IBBI wants only market to decide resolution professionals’ fees

K. R. Srivats | | Updated on: Dec 06, 2021

MS Sahoo, Chairperson, Insolvency and Bankruptcy Board of India

The regulator has no intent to regulate such fees, says IBBI Chairman MS Sahoo

Insolvency regulator IBBI has no intent to regulate the fees charged by resolution professionals (RP) under the IBC process and wants the market to decide such fees, its Chairman MS Sahoo said on Monday.

However, if the market fails to determine such fees, then the IBBI’s discussion paper proposed default mechanism could be adopted, Sahoo said. He was speaking at the National Conference on Resolving Insolvency in India, which was organised by the CII.

“To avoid decision in each disputed case, there can be guidelines for a default mechanism, and this is what the discussion paper provides. Whether default mechanism should be provided, and if so what should be the default mechanism, that issue is still open. The aspect of the regulator fixing the fees is certainly not open,” Sahoo later told BusinessLine .

Home buyers

At the conference, Sahoo also said that home buyers — as financial creditors — should come forward to give information to ‘information utility’, as mandated in the law.

This would enable NCLT to get authentic data from the IU, and they need not struggle to establsh if there is a default or not. The RP too can similarly verify the claims and would not be required to struggle for it.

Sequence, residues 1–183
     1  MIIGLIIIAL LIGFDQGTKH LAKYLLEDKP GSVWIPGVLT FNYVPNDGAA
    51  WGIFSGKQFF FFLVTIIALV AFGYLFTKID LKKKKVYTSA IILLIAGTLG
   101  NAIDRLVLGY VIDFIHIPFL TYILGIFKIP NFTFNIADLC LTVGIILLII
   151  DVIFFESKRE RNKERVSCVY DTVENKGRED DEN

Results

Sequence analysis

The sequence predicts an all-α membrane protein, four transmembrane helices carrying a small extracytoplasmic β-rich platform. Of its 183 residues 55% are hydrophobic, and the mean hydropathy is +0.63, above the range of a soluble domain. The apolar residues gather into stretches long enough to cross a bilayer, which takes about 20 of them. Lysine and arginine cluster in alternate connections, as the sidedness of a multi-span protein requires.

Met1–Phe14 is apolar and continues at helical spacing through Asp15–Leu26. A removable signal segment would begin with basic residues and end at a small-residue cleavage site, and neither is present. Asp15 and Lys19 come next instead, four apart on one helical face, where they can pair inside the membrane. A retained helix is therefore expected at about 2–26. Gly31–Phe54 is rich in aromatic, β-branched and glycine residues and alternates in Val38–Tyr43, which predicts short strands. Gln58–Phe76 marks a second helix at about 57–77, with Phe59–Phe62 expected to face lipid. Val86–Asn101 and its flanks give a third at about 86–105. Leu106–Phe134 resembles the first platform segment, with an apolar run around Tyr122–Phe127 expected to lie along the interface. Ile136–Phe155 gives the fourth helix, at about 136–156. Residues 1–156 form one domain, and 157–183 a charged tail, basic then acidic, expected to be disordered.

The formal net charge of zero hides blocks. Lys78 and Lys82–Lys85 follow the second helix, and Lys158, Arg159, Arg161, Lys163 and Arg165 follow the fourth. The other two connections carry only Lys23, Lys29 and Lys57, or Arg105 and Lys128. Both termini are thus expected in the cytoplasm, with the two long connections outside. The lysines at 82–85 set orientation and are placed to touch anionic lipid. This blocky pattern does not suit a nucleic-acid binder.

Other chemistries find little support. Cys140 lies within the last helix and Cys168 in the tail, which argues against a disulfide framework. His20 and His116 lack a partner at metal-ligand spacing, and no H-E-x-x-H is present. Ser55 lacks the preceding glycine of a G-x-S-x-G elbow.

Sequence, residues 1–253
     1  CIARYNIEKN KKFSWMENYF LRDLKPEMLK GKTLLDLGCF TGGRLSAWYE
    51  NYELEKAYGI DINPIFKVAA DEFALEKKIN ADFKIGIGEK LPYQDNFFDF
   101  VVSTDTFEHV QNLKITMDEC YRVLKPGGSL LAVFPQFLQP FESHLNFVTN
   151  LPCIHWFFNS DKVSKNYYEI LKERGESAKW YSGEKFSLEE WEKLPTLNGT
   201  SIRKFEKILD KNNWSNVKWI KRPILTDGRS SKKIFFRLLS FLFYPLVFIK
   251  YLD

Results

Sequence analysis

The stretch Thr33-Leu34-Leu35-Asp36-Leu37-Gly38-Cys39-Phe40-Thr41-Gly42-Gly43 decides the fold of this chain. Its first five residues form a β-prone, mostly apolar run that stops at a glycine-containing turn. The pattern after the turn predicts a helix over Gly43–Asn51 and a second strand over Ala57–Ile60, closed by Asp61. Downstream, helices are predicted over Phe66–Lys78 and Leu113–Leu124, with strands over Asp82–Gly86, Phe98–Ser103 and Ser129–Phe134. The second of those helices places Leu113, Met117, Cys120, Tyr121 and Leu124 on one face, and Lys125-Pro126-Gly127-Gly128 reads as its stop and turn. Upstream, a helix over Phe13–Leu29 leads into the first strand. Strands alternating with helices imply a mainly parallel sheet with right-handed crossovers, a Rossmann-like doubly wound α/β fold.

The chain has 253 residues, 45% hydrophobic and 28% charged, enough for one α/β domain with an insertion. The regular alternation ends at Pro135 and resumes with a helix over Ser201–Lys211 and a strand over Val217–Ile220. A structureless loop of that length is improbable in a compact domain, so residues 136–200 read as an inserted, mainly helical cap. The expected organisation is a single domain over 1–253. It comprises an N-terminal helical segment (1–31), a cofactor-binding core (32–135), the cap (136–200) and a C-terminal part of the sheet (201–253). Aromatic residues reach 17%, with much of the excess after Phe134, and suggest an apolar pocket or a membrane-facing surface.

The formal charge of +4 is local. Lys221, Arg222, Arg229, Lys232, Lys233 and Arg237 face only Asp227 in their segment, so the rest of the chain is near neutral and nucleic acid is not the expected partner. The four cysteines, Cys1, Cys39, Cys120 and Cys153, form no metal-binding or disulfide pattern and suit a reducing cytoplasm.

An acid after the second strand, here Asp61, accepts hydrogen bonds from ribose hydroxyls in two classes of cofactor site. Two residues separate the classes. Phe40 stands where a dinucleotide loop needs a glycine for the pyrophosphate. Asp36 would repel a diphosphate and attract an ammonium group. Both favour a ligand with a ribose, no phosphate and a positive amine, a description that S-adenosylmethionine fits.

“If there is a default by the corporate debtor, then IU tells the creditors that there is a default. If a home buyer is listed as a creditor, then he too will get information,” Sahoo said.

NBFC blowouts

Asked whether failing financial services providers would be brought under IBC code, Sahoo told reporters that it is entirely for the Government to decide whether Section 227 of Insolvency and Bankruptcy Code (IBC) should be invoked or not, and that such decisions have to be taken in consultation with the financial regulators (like the RBI).

IBC gaining strength

At the CII conference, Sahoo said that IBC is a dynamic law, which was evolving to meet emerging needs of the stakeholders to further the objective of the code. “The Code has passed the Constitutional muster and with every challenge, it has come out with stronger roots,” Sahoo said.

“The impact of the IBC is not only what happens in the Code, but also what happens on account of and under the shadow of the Code,” he said. “The IBC has won the credibility of all categories of stakeholders,” he added.

Bahram N Vakil, Founder & Senior Partner, AZB & Partners, a law firm, elaborated that since the introduction of the IBC Code, India has made continuous progress in the insolvency process, in terms of its speed, recovery and cost. He said that India was now at par with similar economies in this respect. The IBC has brought about significant behavioural change and responsibility in the attitudes of the borrowers and promoters.

“The Financial Service Providers have also become more responsible and careful in analysing the due diligence and financial viability of their debtors,” he said.

Piruz Khambatta, Chairman, CII Task Force on Ease of Doing Business credited the Code with the drastic improvement in the position of India in the Ease of Doing Business ranking awarded by the World Bank.

Published on November 11, 2019
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